Trying to Define “Good Enough”–Thoughts

How often have you heard the term “good enough” ?  OR, if we spin that around and look at it maybe from a different perspective – how often do you see the result of “good enough”?  In this age of “it’s easier to replace than repair”, I’m almost thinking we see that everywhere.  In fact, I feel that it’s literally part of our culture.  People selling stuff to us sure know that Smile  This post, is trying to sort of define that in a theoretical way and perhaps a bit jaded and trying to keep it in the realm of photography.

What kinds of twigged this for me but just dawned on me recently was this buying binge I went on getting photo equipment, but in hindsight, I really saw it in just about facet of life.  A really good example of this would probably be this rash of the Dollar type stores kicking around.  They seem to be doing a booming business.  You almost have to ask yourself – why?  I have a lot of friends that refuse to shop at Walmart or these Dollar type stores.  OR shop in used clothing stores.  I can’t put a finger on it, but the way I look at it, a good buy is a good buy Smile  I’ll give you an example:  My wife gives power shopping a whole new meaning Smile  BUT, in saying that, she’s also what I would call a “realistic” or “grounded” shopper.  I tend to be a little more impulsive, but at the same time, I look at efficiency and time against cost in just about everything I do. 

I’m ranting…. so what does this have to do with photography you say?  Well… when I was in the world of 35mm, I really strived to go beyond good enough.  I think the real bottom line here, is that getting something “perfect” really doesn’t exist in one sense.  It’s more  of what I would call “beyond good enough”.  To me, perfect is when all things are considered in the equation and in the end, everything is as you expect – that would be perfect.  For YOU.  That’s important to know.  Remember – someone else may not think so.  So when you say “PERFECT”, is it a “done” deal and you move one?

OK – so in photography.  Two things come immediately to mind.  For starters – photographs in themselves.  When I started back into this, I looked at digital photography in a very, well, casual way.  I needed “something” to capture pics AND I didn’t have a lot of money to do it.  I had no choice – I bought the best with the money that I had at the time.  No it wasn’t the ideal setup – technology hadn’t come close but it was new.  For what I was doing at the time – good enough.  I’m probably my own worst critic as I tend to look at things done well as EXCELLENT ore than PERFECT.  Perfect may also reflect the result of an action, not necessarily a product.

When you look at today, and how far technology has progressed, I have to admit it is neat.  I don’t think the fundamentals of taking a photo in itself has changed, but the technology has changed what is ultimately produced.  From the hardware standpoint – we now have a camera in something as simple as a phone – in other words – anyone can now take a pic.  I can’t recall from my 35mm days the sheer amount of product that is out there.  Because technology is moving so fast, the products are not only get smaller and better, it’s also changing just as fast.  To me, almost as fast as the PC side of things.  In the more serious amateur stuff, I’m not quite seeing the range of lenses for say my D3200, but at the same time, this travel camera category has zooms that were unheard of my 35mm days.  AND they take a pretty darn good quality pic.  I should know – I own 6 or more of themSmile  They’ve literally opened up a whole new world for me.  AND, the photos are more than good enough.  One of the things that the travel cameras did for me, was literally “pull me” back into taking photography more seriously than the casual snapshot thing.  I went into “equipment junkie” mode, and this time around, I DID have the money and started taking pics again – lots of pics.  Last week, I jumped into the world of DLSR’s with my Nikon D3200.  No, it’s not perfect but for what I’m going to be doing for the next little while, more than adequate or “good enough”.  It’s also going to give me a “taste”.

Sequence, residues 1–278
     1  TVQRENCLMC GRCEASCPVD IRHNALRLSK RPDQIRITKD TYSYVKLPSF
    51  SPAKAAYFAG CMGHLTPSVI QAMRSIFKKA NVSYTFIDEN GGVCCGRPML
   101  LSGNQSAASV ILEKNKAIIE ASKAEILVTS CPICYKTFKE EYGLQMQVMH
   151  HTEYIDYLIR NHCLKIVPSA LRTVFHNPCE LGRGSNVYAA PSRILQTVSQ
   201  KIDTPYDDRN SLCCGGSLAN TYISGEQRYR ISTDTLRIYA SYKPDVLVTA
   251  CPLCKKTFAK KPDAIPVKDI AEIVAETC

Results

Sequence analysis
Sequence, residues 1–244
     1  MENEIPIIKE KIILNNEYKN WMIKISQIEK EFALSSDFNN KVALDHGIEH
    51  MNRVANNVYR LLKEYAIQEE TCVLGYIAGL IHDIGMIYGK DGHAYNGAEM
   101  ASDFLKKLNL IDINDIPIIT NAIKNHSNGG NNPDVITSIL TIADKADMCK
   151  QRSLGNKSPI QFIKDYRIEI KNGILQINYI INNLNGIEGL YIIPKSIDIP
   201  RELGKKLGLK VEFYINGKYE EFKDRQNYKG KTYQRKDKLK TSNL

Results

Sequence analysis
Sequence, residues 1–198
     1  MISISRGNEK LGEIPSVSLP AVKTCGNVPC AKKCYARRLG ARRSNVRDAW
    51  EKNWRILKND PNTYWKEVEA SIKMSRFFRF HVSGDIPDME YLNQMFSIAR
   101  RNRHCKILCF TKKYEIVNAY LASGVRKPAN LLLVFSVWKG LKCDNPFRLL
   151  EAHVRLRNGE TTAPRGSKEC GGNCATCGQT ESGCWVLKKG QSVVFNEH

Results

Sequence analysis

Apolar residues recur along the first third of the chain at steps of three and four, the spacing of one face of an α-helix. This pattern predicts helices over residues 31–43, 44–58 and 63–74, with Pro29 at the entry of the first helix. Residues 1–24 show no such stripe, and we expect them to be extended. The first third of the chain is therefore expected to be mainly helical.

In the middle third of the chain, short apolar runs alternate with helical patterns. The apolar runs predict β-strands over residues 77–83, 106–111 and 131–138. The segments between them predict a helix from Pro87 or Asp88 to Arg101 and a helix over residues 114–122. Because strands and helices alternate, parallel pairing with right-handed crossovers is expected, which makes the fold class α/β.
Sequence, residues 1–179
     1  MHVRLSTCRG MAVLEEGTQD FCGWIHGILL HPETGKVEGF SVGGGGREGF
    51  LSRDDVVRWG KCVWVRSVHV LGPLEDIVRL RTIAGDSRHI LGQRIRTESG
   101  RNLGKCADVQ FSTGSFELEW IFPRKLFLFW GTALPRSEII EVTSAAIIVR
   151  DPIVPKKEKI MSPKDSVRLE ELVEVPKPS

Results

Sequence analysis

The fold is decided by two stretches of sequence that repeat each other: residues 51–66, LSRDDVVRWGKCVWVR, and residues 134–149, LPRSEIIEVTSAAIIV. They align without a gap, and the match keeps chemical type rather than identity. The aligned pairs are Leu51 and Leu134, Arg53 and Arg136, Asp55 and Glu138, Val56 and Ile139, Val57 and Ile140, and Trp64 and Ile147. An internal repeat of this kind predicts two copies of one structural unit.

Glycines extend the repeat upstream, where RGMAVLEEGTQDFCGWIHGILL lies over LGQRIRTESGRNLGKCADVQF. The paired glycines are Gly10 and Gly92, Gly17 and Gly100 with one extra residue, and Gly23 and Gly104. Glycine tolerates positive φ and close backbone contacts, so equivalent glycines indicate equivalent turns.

OK – the D3200 came with an 18-55mm/f3.5-5.6 zoom.  The lens barrels are not metal, heck the body, I don’t think is completely metal.  This lens didn’t rate that high and one of the prime reasons was the quality of glass vs what the sensor is capable of.  Yes, Nikon stated that it’s an entry level model but you know, when you look at what you get for the price, IMHO, if you are moving up into this category, it is DEFINITELY good enough Smile  If you are already in this space, there are probably better choices. The other option I was looking at was the DSLR type travel zooms.  Non-interchangeable lens but BIG zooms.  Less money, but not by much.   I didn’t.  In reflecting on this a bit – one of the key reasons I got a DSLR was to get the battery power.  It’s rated at about 500 shots give or take based on the reviews.  None of my other units can do that unless I use two batteries.  Depending on the shoot, good enough.  The “pro” level cameras can get more, but for me at the moment, I’m good.  I’ve shot roughly 500-600 pics in the  or 5 days I’ve owned it and did a couple of “refresh charges”, but 2 bars were still showing.  PLUS – it charges pretty quick. For future stuff – I’m pumped Smile